For my part I started in life with the French Revolution, and I have lived, alas! to see the end of it. But I did not foresee this result. My sun arose with the first dawn of liberty, and I did not think how soon both must set. The new impulse to ardor given to men's minds imparted a congenial warmth and glow to mine; we were strong to run a race together, and I little dreamed that long before mine was set, the sun of liberty would turn to blood, or set once more in the night of despotism. Since then, I confess, I have no longer felt myself young, for with that my hopes fell.
I have since turned my thoughts to gathering up some of the fragments of my early recollections, and putting them into a form to which I might occasionally revert. The future was barred to my progress, and I turned for consolation and encouragement to the past. It is thus that while we find our personal and substantial identity vanishing for us, we strive to gain a reflected and vicarious one in our thoughts: we do not like to perish wholly, and wish to bequeath our names, at least, to posterity. As long as we can make our cherished thoughts and nearest interests live in the minds of others, we do not appear to have retired altogether from the stage. We still occupy the breasts of others, and exert an influence and power over them, and it is only our bodies that are reduced to dust and powder. Our favorite speculations still find encouragement, and we make as great a figure in the eye of the world, or perhaps a greater than in our lifetime. The demands of our self-love are thus satisfied, and these are the most imperious and unremitting. Besides, if by our intellectual superiority we survive ourselves in this world, by our virtues and faith we may attain an interest in another, and a higher state of being, and may thus be recipients at the same time of men and of angels.
"E'en from the tomb of the voice of Nature cries,As we grow old, our sense of the value of time becomes vivid. Nothing else, indeed, seems of any consequence. We can never cease wondering that that which has ever been should cease to be. We find many things remain the same: why then should there be change in us? This adds a convulsive grasp of whatever is, a sense of fallacious hollowness in all we see. Instead of the full, pulpy feeling of youth tasting existence and every object in it, all is flat and vapid,--a whited sepulchre, fair without but full of ravening and uncleanness within. The world is a witch that puts us off with false shows and appearances. The simplicity of youth, the confiding expectation, the boundless raptures, are gone: we only think of getting out of it as well as we can, and without any great mischance or annoyance. The flush of illusion, even the complacent retrospect of past joys and hopes, is over: if we can slip out of life without indignity, and escape with little bodily infirmity, and frame our minds in the calm and respectable composure of still-life before we return to absolute nothingness, it is as much as we can expect. We do not die wholly at our deaths: we have mouldered away gradually long before. Faculty after faculty, interest after interest, attachment after attachment disappear: we are torn from ourselves while living, year after year sees us no longer the same, and death only consigns the last fragment of what we were to the grave. That we should wear out by slow stages, and dwindle at last into nothing, is not wonderful, when even in our prime our strongest impressions leave little trace but for the moment and we are the creatures of petty circumstance. How little effect is made on us in our best days by the books we have read, the scenes we have witnessed, the sensations we have gone through! Think only of the feelings we experience in reading a fine romance (one of Sir Walter's, for instance); what beauty, what sublimity, what interest, what heart-rending emotions! You would suppose the feelings you then experience would last for ever, or subdue the mind to their own harmony and tone: while we are reading it seems as if nothing could ever put us out of our way, or trouble us:--the first splash of mud that we get on entering the street, the first twopence we are cheated out of, the feeling vanishes clean out of our minds, and we become the prey of petty and annoying circumstance. The mind soars to the lofty: it is at home in the grovelling, the disagreeable and the little. And yet we wonder that age should be feeble and querulous,--that the freshness of youth should fade away. Both worlds, would hardly satisfy the extravagance of our desires and of our presumption.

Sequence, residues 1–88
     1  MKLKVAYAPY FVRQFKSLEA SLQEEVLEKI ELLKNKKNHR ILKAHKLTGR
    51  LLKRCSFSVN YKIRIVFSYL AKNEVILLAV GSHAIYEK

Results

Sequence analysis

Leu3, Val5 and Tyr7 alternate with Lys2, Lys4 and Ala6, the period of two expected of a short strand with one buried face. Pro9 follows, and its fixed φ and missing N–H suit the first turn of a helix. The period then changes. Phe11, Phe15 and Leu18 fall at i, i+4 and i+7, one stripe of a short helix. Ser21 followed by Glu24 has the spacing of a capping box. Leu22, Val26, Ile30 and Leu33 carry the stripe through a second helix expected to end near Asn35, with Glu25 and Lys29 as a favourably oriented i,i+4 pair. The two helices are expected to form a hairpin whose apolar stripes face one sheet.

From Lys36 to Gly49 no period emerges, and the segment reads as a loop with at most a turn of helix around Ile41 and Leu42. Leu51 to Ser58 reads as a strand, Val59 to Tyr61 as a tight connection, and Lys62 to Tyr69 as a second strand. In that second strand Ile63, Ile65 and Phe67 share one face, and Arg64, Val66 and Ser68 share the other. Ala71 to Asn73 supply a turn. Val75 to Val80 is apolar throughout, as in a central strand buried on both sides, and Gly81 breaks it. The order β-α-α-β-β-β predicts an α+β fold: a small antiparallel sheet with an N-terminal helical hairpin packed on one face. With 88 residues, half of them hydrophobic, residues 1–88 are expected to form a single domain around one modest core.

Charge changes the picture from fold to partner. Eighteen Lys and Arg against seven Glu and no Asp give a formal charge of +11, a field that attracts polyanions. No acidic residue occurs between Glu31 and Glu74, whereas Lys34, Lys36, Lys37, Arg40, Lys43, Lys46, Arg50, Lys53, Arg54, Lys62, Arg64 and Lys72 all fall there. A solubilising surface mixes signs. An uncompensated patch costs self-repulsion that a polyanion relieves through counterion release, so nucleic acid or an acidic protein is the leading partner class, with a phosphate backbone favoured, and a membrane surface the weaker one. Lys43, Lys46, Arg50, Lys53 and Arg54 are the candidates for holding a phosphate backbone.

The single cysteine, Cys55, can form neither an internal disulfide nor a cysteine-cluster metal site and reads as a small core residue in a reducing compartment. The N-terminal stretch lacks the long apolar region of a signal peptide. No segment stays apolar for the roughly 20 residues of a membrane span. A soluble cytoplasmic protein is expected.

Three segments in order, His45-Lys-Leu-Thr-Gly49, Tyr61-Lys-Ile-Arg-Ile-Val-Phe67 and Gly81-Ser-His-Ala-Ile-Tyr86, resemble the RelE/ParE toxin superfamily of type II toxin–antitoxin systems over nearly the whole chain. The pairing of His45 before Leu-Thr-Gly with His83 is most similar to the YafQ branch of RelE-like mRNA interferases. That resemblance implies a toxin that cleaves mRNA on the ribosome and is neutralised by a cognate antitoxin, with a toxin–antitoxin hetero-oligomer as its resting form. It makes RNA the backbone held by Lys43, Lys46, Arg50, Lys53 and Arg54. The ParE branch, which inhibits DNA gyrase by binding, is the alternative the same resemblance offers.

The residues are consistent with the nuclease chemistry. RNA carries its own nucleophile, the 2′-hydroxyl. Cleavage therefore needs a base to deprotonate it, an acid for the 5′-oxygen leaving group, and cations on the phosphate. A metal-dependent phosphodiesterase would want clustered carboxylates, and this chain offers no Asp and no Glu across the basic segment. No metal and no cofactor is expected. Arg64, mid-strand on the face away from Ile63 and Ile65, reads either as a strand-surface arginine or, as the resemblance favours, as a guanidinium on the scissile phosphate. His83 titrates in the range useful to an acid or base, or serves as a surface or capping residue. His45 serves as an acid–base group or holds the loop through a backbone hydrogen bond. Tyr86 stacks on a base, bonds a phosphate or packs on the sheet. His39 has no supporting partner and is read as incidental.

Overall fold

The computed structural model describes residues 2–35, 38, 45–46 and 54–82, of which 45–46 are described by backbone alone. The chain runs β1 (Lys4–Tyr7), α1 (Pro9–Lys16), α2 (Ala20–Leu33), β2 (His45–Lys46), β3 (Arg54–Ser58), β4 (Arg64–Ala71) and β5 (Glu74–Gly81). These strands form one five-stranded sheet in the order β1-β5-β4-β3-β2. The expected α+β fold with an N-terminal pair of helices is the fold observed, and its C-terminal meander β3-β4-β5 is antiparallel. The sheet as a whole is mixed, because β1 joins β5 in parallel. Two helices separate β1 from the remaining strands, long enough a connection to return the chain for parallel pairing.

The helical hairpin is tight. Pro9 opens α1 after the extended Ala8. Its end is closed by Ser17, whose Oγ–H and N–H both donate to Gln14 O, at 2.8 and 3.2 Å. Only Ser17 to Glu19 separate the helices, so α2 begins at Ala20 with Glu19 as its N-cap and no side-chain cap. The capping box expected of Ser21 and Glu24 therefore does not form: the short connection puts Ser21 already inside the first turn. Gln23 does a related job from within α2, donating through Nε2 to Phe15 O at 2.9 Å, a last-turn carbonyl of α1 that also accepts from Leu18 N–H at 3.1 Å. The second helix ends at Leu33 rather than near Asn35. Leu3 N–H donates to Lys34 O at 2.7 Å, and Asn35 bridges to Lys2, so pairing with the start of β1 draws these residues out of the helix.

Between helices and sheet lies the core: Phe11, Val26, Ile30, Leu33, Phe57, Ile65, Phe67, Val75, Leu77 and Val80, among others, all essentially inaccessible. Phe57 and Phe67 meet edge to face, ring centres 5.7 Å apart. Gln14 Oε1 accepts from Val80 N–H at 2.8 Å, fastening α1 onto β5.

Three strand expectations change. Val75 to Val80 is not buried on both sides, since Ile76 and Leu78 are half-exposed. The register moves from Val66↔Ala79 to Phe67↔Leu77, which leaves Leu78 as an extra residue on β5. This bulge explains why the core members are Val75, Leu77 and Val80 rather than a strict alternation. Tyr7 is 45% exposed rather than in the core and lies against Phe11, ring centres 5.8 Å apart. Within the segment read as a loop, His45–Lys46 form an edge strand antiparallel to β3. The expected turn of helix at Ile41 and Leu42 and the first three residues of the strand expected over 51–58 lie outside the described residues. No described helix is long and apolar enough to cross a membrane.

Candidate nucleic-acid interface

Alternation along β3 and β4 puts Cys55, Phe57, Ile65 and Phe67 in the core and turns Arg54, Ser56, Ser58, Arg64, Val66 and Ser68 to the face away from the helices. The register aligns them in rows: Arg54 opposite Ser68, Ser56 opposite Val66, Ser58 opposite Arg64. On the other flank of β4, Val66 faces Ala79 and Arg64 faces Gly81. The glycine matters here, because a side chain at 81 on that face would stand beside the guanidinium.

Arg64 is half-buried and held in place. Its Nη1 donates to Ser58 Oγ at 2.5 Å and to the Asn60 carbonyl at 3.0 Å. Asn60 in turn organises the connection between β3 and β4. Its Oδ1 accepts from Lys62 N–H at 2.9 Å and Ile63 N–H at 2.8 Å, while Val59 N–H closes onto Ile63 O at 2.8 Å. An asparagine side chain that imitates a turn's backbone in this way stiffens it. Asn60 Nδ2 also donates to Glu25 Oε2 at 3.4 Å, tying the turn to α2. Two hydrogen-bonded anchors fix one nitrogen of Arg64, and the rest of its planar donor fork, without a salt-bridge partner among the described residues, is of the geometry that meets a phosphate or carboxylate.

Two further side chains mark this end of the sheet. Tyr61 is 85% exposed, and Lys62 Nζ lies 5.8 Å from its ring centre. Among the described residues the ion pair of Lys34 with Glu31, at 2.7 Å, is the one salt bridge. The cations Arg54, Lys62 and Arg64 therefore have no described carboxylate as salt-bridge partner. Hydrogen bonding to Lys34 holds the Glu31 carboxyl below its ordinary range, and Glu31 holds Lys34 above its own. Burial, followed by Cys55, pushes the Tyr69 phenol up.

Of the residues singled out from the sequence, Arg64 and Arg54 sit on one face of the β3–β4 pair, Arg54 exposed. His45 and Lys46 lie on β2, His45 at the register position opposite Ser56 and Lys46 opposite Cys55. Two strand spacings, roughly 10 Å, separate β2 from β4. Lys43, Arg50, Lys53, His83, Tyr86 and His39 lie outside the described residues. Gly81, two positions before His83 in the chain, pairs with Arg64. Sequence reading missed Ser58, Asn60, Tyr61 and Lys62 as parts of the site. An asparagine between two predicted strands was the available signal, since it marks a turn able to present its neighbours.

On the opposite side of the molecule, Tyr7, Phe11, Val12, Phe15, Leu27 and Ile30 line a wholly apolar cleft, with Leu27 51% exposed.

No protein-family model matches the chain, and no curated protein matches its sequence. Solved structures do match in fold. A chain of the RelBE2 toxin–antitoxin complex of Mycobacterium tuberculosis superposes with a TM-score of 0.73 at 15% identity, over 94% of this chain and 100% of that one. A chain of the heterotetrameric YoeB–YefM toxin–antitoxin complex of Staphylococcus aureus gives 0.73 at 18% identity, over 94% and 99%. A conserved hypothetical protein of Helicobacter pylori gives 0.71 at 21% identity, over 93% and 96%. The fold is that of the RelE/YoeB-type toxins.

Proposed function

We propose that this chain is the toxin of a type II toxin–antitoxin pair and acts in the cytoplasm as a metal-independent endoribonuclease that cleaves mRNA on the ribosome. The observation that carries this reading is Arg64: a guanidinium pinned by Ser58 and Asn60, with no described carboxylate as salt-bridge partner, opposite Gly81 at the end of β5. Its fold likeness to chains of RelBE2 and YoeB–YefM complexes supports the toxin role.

E'en in our ashes live their wonted fires."
William Hazlitt's "On The Feeling of Immortality in Youth" was first published in the March 1827 issue of Monthly Magazine. This version of the essay has been reprinted from the first American edition of Literary Remains of the Late William Hazlitt (Saunders and Otley, 1836).
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